The Malta Independent 25 May 2024, Saturday
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Pilot redundancies suspended after ALPA takes legal action

Sunday, 7 June 2020, 18:32 Last update: about 5 years ago

The redundancies of 69 Air Malta pilots have been halted by the courts of law after legal action taken by their association.

In a statement Sunday afternoon, ALPA said it filed an application containing a request for the issue of a Warrant of Prohibitory Injunction, which request was provisionally upheld by the First Hall of the Civil Court. Consequently, the redundancies and demotions forced upon the pilot community have been temporarily suspended.


On Friday, Air Malta said it was making the pilots redundant after it said talks with the association failed.

ALPA said it wanted to set the record straight in relation to claims made by high-ranking politicians and officials over the last couple of days: In reality, the Executive Committee was approached by Air Malta to enter into discussions relating to the possibility of the association renouncing to its rights protected by certain clauses in the collective agreement currently in force, including its rights relating to the clauses regulating early retirement.

In this regard, it has been claimed that ALPA had demanded payment of the amount of €700,000 per pilot, amounting to the global figure of €73 million, in terms of the Early Retirement Scheme protected by the said Collective Agreement. Air Malta presented its costs and, after obtaining professional advice relating to the possibility of creating a Third Pillar Pension Scheme, the association agreed that the devalued global amount of €73 million was fair in the current circumstances.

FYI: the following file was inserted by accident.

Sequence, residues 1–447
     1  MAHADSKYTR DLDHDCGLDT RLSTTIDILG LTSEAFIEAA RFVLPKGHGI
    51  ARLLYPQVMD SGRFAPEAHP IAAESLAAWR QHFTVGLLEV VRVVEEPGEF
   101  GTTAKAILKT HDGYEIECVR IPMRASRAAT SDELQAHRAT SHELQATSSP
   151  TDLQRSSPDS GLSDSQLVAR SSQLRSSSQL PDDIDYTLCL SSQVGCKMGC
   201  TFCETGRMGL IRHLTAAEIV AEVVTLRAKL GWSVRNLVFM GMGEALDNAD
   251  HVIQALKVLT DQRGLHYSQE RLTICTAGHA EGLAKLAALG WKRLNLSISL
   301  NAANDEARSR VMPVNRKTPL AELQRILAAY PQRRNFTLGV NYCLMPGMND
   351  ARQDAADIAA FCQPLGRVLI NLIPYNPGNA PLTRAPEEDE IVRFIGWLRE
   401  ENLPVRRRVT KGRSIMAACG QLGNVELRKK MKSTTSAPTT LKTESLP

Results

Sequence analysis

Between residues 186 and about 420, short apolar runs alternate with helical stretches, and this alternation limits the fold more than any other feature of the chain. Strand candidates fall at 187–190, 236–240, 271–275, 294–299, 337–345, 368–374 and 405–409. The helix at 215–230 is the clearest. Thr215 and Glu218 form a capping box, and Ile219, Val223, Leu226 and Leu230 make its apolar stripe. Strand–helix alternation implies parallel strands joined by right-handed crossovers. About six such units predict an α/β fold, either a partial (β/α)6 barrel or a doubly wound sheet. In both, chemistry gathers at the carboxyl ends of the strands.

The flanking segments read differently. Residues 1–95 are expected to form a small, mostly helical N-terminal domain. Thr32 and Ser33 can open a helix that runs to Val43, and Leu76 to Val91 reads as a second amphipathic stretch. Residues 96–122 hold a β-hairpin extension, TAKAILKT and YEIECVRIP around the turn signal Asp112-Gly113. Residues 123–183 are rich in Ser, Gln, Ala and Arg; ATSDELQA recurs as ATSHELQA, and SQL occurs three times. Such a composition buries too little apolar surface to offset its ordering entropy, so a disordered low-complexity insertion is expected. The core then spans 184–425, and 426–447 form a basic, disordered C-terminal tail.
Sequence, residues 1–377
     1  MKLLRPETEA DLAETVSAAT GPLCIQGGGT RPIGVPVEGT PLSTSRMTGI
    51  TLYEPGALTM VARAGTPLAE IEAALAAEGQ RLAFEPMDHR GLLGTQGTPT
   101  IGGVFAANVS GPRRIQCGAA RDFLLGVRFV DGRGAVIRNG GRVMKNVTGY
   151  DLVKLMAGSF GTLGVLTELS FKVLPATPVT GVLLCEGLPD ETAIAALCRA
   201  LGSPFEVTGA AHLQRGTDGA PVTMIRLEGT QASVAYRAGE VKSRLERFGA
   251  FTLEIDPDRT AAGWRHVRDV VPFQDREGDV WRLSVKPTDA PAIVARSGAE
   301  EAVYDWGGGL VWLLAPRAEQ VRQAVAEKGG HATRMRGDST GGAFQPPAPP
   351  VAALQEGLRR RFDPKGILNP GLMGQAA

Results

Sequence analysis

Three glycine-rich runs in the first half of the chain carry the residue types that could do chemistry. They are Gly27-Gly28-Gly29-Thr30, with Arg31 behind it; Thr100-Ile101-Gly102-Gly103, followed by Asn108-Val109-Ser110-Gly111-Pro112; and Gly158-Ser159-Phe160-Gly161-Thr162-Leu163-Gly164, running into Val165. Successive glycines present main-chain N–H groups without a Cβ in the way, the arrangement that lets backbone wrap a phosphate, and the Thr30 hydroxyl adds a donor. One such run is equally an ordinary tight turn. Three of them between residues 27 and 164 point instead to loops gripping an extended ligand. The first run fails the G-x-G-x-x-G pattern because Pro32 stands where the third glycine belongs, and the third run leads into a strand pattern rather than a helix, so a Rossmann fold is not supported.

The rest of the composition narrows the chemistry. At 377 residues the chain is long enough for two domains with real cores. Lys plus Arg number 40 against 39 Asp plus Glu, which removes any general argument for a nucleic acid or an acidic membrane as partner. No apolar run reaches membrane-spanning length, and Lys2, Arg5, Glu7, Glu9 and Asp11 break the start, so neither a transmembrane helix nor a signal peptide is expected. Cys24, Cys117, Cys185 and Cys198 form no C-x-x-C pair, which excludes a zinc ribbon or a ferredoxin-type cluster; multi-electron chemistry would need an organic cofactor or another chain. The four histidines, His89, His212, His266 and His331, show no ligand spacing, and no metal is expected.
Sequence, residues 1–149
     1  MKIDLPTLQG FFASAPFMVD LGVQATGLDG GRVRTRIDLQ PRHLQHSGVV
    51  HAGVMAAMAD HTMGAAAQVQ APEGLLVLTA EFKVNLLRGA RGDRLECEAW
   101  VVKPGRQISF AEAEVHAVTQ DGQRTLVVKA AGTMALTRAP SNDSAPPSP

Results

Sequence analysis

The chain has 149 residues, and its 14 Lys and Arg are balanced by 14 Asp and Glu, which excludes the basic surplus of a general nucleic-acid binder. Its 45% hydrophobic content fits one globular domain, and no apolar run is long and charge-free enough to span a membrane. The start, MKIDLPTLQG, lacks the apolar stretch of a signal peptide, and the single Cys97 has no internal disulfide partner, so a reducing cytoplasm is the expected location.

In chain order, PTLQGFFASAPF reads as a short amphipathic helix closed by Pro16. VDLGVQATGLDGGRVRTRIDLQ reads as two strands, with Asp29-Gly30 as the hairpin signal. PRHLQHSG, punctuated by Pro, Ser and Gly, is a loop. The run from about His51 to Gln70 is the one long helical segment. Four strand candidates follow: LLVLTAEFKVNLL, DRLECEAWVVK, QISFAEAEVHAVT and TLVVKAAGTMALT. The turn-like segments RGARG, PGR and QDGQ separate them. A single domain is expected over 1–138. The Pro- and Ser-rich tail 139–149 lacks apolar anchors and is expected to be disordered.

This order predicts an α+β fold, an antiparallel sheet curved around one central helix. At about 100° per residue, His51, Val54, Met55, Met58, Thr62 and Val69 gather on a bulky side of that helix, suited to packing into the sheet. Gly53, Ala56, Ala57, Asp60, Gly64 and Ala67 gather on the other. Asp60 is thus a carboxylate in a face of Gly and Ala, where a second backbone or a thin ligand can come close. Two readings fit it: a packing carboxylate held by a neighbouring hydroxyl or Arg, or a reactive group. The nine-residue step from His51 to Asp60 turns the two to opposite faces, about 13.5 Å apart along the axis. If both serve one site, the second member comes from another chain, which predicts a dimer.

Discussions in this regard were scheduled to take off prior to the untimely and unexpected show of force displayed by the company. The association said it is saddened by the persistent bad faith displayed by the management of the company, as well as by manoeuvres meant to exert pressure on the operation of the Executive Committee.

In this respect, the association said it found it particularly strange that the decision to terminate the employment of 69 pilots, as well as to demote a number of captains, was communicated to our members at 11pm on 5 June. This came barely 48 hours after ALPA was assured that redundancies were no longer on the table.

It is also peculiar that the sender of such letters, the Chief of Human Resources, James Genovese, has just recently been promoted to this position, the association said.

The association said it will continue to work hard to protect the rights, contractual and otherwise, of all its members and will not tolerate further attempts by management to undermine their conditions of employment. ALPA does not exclude the possibility of widening its membership to include other professionals, who have expressed an interest in this respect.



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